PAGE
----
Author: Misiowiec, M.
Paper Title Page
WEPKS005 State Machine Framework and its Use for Driving LHC Operational States* 782
  • M. Misiowiec, V. Baggiolini, M. Solfaroli Camillocci
    CERN, Geneva, Switzerland
  The LHC follows a complex operational cycle with 12 major phases that include equipment tests, preparation, beam injection, ramping and squeezing, finally followed by the physics phase. This cycle is modeled and enforced with a state machine, whereby each operational phase is represented by a state. On each transition, before entering the next state, a series of conditions is verified to make sure the LHC is ready to move on. The State Machine framework was developed to cater for building independent or embedded state machines. They safely drive between the states executing tasks bound to transitions and broadcast related information to interested parties. The framework encourages users to program their own actions. Simple configuration management allows the operators to define and maintain complex models themselves. An emphasis was also put on easy interaction with the remote state machine instances through standard communication protocols. On top of its core functionality, the framework offers a transparent integration with other crucial tools used to operate LHC, such as the LHC Sequencer. LHC Operational States has been in production for half a year and was seamlessly adopted by the operators. Further extensions to the framework and its application in operations are under way.
poster icon Poster WEPKS005 [0.717 MB]  
WEPMU011 Automatic Injection Quality Checks for the LHC 1077
  • L.N. Drosdal, B. Goddard, R. Gorbonosov, S. Jackson, D. Jacquet, V. Kain, D. Khasbulatov, M. Misiowiec, J. Wenninger, C. Zamantzas
    CERN, Geneva, Switzerland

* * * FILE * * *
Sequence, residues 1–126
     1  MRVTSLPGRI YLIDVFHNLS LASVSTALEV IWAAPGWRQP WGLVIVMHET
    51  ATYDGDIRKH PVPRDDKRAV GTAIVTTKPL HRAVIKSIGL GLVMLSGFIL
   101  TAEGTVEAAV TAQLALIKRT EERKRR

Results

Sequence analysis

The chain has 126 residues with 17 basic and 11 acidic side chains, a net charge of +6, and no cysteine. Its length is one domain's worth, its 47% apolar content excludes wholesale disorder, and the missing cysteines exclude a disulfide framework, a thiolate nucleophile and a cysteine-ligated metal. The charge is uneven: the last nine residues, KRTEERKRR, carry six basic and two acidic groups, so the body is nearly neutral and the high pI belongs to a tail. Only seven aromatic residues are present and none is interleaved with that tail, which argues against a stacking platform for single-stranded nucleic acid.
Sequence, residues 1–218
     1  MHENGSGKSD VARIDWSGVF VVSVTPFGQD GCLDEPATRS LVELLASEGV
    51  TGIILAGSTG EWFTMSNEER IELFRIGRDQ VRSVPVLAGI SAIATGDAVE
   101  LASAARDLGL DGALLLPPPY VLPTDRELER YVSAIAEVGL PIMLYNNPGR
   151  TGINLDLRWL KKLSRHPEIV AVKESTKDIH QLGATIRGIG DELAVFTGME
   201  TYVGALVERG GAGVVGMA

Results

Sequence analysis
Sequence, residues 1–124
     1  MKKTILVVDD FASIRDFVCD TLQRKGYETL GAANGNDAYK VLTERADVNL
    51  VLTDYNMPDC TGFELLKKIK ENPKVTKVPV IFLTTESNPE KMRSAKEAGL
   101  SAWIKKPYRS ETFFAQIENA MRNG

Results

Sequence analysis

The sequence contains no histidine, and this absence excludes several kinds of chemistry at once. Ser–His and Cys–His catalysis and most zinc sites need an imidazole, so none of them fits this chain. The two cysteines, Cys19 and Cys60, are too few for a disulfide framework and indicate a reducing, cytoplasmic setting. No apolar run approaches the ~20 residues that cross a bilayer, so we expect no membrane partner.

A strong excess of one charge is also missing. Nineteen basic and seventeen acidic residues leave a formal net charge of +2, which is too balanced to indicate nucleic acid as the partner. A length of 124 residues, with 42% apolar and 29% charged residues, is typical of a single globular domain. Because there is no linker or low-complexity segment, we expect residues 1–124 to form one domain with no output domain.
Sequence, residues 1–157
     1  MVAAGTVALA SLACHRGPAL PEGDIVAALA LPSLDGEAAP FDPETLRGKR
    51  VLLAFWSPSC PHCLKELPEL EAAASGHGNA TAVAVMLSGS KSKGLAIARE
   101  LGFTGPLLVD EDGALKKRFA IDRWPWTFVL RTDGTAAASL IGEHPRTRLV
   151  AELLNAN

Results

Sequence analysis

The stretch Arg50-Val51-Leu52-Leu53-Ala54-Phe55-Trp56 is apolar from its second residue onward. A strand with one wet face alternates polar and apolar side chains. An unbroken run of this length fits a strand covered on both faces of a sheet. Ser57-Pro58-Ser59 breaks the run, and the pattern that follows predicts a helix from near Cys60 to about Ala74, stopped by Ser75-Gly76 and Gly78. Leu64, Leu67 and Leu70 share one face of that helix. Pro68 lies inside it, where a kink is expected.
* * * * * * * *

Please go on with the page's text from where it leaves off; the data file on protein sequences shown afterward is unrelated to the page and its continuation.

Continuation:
Twelve injections per beam are required to fill the LHC with the nominal filling scheme. The injected beam needs to fulfill a number of requirements to provide useful physics for the experiments when they take data at collisions later on in the LHC cycle. These requirements are checked by a dedicated software system, called the LHC injection quality check. At each injection, this system receives data about beam characteristics from key equipment in the LHC and analyzes it online to determine the quality of the injected beam after each injection. If the quality is insufficient, the automatic injection process is stopped, and the operator has to take corrective measures. This paper will describe the software architecture of the LHC injection quality check and the interplay with other systems. A set of tools for self-monitoring of the injection quality checks to achieve optimum performance will be discussed as well. Results obtained during the LHC commissioning year 2010 and the LHC run 2011 will finally be presented.  
poster icon Poster WEPMU011 [0.358 MB]  
FRBHMUST02 Towards High Performance Processing in Modern Java Based Control Systems 1322
  • M. Misiowiec, W. Buczak, M. Buttner
    CERN, Geneva, Switzerland
  CERN controls software is often developed on Java foundation. Some systems carry out a combination of data, network and processor intensive tasks within strict time limits. Hence, there is a demand for high performing, quasi real time solutions. Extensive prototyping of the new CERN monitoring and alarm software required us to address such expectations. The system must handle dozens of thousands of data samples every second, along its three tiers, applying complex computations throughout. To accomplish the goal, a deep understanding of multithreading, memory management and interprocess communication was required. There are unexpected traps hidden behind an excessive use of 64 bit memory or severe impact on the processing flow of modern garbage collectors, including the state of the art Oracle GarbageFirst. Tuning JVM configuration significantly affects the execution of the code. Even more important is the amount of threads and the data structures used between them. Accurately dividing work into independent tasks might boost system performance. Thorough profiling with dedicated tools helped understand the bottlenecks and choose algorithmically optimal solutions. Different virtual machines were tested, in a variety of setups and garbage collection options. The overall work provided for discovering actual hard limits of the whole setup. We present this process of architecting a challenging system in view of the characteristics and limitations of the contemporary Java runtime environment.
slides icon Slides FRBHMUST02 [4.514 MB]